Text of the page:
REASONS FOR IMPROVEMENTS IN COOKING AND DIETARY HABITS BETWEEN UNDERGRADUATE NUTRITIONAL SCIENCES COLLEGE STUDENTS AND NON-NUTRITIONAL SCIENCES COLLEGE STUDENTS
AuthorTAYLOR, BRITTNEY ROCHELLE
MetadataShow full item record
PublisherThe University of Arizona.
RightsCopyright © is held by the author. Digital access to this material is made possible by the University Libraries, University of Arizona. Further transmission, reproduction or presentation (such as public display or performance) of protected items is prohibited except with permission of the author.
AbstractBackground: Research shows that cooking meals improves diet quality. However, there is limited evidence that undergraduate students in nutrition or dietetics programs cook more meals while they are learning about foods and its impacts on human health. Methods: An 11-question survey was completed by 238 nutritional science majors (majors) and 91 non-nutritional science majors (non-majors). They were asked about several things, most notably the frequency of cooking meals, eating fast-food, and fruit and vegetable consumption. Results: Majors cooked meals more often than non-majors(p=0.059). When comparing the students in freshman and senior majors, senior majors cooked meals more often than freshman majors (p=0.023). The students who reported living in apartments, houses, or condos, or with parents, relatives, or spouses cooked more meals than students living in dorms (p=0.006). Majors consumed significantly less fast-foods than non-majors (p=0.022). Majors ate more fruits and vegetables than non-majors (p=0.005, p=0.025). Conclusions: This study suggests that nutrition-related education may have a positive impact on decreasing the frequency of fast food consumption, increasing the consumption of fruits and vegetables, and increasing the number of meals that are cooked.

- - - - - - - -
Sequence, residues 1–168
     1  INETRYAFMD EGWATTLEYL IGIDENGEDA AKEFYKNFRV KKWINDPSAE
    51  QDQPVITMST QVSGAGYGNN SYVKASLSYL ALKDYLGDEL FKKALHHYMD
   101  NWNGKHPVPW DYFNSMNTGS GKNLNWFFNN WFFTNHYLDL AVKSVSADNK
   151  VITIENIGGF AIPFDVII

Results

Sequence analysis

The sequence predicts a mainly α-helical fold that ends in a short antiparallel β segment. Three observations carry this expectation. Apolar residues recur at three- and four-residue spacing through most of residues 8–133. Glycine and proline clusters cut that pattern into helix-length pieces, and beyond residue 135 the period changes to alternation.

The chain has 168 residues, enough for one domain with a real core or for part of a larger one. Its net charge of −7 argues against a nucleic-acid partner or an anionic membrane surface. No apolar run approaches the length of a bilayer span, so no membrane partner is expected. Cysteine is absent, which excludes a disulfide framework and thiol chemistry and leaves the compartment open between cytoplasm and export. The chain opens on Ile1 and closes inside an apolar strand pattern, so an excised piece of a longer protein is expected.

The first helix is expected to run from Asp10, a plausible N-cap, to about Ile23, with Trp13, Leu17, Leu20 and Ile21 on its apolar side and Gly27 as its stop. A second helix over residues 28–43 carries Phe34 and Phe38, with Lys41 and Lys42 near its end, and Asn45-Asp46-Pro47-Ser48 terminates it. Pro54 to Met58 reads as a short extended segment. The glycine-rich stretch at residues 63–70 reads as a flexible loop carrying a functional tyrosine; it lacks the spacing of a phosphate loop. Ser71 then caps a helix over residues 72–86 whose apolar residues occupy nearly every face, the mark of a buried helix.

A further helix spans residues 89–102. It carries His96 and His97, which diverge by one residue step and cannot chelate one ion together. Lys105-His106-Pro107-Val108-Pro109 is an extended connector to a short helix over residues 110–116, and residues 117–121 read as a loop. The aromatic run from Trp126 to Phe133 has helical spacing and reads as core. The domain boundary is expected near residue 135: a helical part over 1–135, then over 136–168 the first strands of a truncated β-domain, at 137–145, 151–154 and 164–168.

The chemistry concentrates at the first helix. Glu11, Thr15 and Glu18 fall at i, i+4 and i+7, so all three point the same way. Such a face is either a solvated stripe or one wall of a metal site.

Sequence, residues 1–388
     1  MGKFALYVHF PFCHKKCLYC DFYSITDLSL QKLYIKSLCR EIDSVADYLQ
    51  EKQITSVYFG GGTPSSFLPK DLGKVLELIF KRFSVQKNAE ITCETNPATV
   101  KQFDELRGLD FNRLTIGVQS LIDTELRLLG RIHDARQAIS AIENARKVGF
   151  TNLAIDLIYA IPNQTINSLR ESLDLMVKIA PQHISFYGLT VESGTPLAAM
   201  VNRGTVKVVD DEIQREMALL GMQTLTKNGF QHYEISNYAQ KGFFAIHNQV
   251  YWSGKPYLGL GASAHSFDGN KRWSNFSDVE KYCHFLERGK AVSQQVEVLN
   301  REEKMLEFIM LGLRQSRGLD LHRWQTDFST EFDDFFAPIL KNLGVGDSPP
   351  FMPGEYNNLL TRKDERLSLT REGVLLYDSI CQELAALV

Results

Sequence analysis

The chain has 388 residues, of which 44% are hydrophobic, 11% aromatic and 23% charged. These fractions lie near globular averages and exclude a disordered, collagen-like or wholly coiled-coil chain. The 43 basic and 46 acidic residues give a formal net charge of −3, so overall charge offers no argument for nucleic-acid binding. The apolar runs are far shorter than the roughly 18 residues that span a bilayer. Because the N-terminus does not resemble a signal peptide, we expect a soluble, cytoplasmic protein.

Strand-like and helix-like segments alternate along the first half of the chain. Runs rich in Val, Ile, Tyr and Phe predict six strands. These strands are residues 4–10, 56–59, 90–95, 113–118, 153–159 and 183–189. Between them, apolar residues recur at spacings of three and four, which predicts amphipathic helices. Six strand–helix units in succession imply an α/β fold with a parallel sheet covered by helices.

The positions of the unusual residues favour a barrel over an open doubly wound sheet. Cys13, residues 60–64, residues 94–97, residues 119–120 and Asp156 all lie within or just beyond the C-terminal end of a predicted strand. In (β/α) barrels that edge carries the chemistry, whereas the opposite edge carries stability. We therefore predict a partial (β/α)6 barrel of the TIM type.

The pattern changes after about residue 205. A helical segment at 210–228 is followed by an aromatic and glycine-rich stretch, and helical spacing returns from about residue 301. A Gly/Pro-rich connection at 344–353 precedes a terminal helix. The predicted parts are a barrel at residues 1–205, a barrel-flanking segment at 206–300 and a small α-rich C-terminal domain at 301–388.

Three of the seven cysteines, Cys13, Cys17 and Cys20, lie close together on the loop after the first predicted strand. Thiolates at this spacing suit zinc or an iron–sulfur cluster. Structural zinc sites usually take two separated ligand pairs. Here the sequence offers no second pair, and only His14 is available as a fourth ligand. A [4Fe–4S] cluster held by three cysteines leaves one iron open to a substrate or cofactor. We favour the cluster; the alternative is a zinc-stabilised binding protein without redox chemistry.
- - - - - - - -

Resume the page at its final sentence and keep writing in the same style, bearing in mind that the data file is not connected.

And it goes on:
Degree ProgramHonors College